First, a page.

Does the bond fund you’re holding as a way to buffer your portfolio from the risk of stocks, actually contain more risk than you think? These funds could in fact contain sticks of dynamite, according to Bob Rice, managing partner at Tangent Capital and author of The Alternative Answer. He explains why in the accompanying video.
“You can’t hold a bond fund until maturity, there is no maturity date on a bond fund,” Rice explains (this matters because interest rates or the yield on a bond move in the opposite direction of its price). “Right now interest rates are so low. They have only been this low three percent of the time that U.S. treasuries have existed. So the odds of them increasing are very high, and if that happens many of these bond funds will suffer 20%, 30%, 40% declines in value. So the idea that your bond fund is safe is really misleading.”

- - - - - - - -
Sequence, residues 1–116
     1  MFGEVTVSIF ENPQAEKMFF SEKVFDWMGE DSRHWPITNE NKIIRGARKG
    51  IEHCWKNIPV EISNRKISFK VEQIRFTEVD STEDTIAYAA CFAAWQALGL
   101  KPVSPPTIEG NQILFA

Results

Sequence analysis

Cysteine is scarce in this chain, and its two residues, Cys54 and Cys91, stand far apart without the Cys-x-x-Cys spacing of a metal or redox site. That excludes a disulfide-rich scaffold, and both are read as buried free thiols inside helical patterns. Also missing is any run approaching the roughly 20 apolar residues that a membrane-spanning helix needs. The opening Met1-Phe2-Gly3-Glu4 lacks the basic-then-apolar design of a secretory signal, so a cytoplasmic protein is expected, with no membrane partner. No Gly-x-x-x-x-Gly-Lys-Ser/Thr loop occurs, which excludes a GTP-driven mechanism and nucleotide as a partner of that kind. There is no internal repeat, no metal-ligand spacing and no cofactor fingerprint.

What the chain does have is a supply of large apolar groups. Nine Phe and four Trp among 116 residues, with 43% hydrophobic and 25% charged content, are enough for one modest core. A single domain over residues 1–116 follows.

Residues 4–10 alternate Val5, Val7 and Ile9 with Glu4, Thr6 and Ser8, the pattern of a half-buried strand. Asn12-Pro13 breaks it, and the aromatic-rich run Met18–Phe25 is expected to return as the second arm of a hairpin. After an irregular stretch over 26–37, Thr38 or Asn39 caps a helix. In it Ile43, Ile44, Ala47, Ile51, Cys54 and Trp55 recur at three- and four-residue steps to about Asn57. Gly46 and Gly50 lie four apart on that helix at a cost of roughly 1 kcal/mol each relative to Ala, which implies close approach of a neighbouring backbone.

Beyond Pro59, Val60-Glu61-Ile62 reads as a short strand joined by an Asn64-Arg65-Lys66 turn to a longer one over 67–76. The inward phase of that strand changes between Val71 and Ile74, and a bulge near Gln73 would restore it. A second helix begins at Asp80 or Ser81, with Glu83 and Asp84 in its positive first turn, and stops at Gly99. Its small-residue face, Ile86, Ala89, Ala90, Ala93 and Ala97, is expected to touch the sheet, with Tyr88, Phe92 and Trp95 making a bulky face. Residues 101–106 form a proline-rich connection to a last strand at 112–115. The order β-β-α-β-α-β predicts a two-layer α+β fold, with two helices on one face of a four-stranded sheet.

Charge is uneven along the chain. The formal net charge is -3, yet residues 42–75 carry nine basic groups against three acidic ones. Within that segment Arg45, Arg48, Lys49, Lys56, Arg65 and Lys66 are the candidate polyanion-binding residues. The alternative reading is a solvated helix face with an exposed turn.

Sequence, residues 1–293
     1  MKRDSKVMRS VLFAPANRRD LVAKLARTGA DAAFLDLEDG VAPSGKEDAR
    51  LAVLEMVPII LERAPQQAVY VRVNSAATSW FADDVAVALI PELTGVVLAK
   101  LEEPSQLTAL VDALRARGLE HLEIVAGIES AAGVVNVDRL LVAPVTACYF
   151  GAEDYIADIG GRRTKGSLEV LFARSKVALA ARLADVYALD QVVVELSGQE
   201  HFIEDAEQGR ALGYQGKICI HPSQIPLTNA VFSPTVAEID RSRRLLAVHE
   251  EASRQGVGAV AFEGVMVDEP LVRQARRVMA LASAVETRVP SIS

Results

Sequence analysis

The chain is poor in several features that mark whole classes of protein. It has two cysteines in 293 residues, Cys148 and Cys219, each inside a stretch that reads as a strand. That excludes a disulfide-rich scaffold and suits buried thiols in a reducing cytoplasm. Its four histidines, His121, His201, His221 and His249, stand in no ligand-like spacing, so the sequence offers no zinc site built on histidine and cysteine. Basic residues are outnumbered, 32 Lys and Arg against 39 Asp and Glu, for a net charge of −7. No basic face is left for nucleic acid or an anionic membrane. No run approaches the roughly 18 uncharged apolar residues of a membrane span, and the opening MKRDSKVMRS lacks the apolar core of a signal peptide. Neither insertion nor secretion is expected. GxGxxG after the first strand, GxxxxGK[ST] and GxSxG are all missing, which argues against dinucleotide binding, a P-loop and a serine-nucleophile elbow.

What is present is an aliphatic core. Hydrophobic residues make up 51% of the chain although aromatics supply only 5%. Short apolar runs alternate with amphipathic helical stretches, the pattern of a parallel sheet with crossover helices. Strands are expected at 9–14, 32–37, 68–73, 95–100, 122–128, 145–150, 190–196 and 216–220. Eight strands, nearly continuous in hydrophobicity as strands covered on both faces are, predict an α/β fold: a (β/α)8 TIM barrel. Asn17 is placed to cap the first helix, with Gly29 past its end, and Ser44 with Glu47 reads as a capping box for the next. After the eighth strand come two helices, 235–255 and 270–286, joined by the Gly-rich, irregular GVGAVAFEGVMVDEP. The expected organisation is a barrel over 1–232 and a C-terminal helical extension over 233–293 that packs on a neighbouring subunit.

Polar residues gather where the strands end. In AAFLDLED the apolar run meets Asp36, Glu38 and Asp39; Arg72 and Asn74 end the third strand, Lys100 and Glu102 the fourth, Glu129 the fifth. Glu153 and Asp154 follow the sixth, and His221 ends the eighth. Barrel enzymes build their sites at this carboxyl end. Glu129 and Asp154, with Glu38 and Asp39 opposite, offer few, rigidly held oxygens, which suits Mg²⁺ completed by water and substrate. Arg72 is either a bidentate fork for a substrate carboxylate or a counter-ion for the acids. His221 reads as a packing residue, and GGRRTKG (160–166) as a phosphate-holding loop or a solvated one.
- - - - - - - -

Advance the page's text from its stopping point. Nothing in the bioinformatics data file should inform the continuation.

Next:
Not only that, more than ever bond funds are investing in stocks, which could expose investors to volatility they don’t know about. Rice says, understanding the dynamics of the bond market that he has described, bond managers have taken advantage of their ability in most cases to invest up to 20% in stocks.
The Wall Street Journal reports that the number of bond funds that own stocks has surged to the highest point in 18 years, with 352 mutual funds classified as bond funds holding stocks according to Morningstar (MORN).
And a third possibly misleading aspect of bond funds, according to Rice, is that bond fun managers that are investing in stocks are comparing their performance to the bond funds that really do contain all bonds.
“So they’re bragging about their performance, but they’re investing in apples and oranges,” Rice contends, while they’re beating a benchmark that is just investing in apples.
Rice’s point – do your homework to know what you’re invested in. In the video, he explains how.
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